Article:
After 10 months flying in space, NASA’s Double Asteroid Redirection Test (DART) – the world’s first planetary defense technology demonstration – successfully impacted its asteroid target on Monday, the agency’s first attempt to move an asteroid in space. Mission control at the Johns Hopkins Applied Physics Laboratory (APL) in Laurel, Maryland, announced the successful impact at 7:14 p.m. EDT., according to NASA.
“At its core, DART represents an unprecedented success for planetary defense, but it is also a mission of unity with a real benefit for all humanity. As NASA studies the cosmos and our home planet, we’re also working to protect that home, and this international collaboration turned science fiction into science fact, demonstrating one way to protect Earth.,” said NASA Administrator Bill Nelson.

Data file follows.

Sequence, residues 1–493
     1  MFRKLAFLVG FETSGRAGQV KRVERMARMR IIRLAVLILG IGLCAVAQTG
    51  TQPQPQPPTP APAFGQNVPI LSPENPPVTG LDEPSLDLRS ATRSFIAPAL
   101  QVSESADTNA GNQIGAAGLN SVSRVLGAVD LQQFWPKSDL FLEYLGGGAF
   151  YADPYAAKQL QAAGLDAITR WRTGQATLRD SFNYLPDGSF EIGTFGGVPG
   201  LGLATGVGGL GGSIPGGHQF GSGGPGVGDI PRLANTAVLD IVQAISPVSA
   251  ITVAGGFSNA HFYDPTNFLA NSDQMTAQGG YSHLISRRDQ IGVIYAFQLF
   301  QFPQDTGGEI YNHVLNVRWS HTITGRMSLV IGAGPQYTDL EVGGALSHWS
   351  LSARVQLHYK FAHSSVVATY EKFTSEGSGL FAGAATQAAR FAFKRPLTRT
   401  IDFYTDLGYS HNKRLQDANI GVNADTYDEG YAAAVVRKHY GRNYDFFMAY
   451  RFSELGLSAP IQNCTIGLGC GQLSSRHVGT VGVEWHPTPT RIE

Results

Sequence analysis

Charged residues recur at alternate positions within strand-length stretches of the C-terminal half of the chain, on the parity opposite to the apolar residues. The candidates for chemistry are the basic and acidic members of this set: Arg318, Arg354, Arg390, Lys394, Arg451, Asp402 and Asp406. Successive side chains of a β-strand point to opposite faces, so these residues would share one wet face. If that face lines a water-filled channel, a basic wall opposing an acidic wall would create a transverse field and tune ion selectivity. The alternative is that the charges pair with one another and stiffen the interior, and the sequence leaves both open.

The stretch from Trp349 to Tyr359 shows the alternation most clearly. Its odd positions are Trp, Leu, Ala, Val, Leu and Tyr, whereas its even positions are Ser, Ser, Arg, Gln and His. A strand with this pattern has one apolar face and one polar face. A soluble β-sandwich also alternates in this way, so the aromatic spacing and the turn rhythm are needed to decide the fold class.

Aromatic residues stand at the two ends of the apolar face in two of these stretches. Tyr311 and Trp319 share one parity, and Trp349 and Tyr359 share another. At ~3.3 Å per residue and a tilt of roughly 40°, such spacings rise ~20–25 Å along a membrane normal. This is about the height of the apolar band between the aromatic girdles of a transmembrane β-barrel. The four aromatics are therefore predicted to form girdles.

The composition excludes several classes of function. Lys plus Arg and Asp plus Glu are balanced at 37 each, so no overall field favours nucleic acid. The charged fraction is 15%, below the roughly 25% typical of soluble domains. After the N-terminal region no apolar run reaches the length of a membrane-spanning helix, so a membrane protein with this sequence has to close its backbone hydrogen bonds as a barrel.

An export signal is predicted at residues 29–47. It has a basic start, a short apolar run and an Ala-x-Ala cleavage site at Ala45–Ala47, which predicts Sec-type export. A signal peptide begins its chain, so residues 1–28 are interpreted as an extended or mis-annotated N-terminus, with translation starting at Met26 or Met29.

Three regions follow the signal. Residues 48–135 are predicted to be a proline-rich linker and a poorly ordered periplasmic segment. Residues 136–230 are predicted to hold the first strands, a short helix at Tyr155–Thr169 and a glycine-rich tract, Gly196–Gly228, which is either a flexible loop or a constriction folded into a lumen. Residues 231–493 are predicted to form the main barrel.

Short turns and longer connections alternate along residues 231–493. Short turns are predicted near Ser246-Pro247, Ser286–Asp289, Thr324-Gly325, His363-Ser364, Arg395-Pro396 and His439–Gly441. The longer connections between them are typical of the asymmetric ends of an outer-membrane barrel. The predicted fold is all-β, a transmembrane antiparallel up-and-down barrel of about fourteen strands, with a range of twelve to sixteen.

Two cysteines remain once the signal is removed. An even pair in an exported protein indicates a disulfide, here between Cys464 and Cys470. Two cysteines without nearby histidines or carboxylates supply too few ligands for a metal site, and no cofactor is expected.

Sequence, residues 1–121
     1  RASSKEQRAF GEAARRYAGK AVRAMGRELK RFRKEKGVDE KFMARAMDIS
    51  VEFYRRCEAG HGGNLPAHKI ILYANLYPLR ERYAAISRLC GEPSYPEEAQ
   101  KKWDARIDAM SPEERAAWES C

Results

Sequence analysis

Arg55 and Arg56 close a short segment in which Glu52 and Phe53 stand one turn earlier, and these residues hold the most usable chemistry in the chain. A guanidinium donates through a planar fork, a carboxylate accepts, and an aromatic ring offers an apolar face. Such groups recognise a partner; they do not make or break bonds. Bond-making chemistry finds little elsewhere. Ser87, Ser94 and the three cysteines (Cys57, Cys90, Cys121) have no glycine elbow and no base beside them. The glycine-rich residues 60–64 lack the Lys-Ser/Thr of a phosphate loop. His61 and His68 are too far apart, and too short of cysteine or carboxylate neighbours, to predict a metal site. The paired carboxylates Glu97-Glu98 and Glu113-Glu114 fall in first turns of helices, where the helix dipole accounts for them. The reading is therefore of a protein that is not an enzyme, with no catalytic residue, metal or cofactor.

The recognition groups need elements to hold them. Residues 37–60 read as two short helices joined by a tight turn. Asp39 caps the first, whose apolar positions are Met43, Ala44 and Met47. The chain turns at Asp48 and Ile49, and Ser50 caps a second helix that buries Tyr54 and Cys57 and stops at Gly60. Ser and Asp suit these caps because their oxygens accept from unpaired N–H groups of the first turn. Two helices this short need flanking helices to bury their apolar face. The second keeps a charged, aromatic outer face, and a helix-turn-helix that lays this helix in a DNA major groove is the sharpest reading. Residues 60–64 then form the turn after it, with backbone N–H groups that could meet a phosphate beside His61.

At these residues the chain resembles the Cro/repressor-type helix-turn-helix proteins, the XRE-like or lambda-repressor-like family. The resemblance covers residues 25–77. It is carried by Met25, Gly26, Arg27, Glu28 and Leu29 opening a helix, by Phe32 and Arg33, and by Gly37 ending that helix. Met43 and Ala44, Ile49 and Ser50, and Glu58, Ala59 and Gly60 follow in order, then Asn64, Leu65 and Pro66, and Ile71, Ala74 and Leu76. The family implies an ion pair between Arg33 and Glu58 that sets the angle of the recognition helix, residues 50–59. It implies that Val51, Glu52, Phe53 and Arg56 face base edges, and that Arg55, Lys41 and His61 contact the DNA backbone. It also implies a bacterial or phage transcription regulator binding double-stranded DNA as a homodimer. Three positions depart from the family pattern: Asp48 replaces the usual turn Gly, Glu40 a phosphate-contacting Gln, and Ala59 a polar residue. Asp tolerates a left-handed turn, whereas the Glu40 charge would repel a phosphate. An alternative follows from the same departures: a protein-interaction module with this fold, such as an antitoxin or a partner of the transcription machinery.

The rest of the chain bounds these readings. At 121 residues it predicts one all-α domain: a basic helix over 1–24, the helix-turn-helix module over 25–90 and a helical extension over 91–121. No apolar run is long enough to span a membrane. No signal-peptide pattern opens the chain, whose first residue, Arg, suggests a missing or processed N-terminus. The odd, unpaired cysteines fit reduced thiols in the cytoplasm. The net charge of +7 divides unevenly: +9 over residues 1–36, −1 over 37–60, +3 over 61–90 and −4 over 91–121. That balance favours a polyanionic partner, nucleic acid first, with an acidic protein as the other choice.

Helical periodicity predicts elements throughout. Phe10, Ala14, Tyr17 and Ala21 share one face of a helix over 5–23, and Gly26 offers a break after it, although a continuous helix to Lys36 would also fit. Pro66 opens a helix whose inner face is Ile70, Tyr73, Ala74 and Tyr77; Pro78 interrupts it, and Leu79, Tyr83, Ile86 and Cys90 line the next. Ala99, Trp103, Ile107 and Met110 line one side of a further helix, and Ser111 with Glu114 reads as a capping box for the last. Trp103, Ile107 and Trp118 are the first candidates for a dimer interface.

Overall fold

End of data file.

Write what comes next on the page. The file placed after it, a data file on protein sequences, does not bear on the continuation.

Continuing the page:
The mission’s one-way trip confirmed NASA can successfully navigate a spacecraft to intentionally collide with an asteroid to deflect it, a technique known as kinetic impact.
The investigation team will now observe Dimorphos using ground-based telescopes to confirm that DART’s impact altered the asteroid’s orbit around Didymos. Researchers expect the impact to shorten Dimorphos’ orbit by about 1%, or roughly 10 minutes; precisely measuring how much the asteroid was deflected is one of the primary purposes of the full-scale test.
Roughly four years from now, the European Space Agency’s Hera project will conduct detailed surveys of both Dimorphos and Didymos, with a particular focus on the crater left by DART’s collision and a precise measurement of Dimorphos’ mass.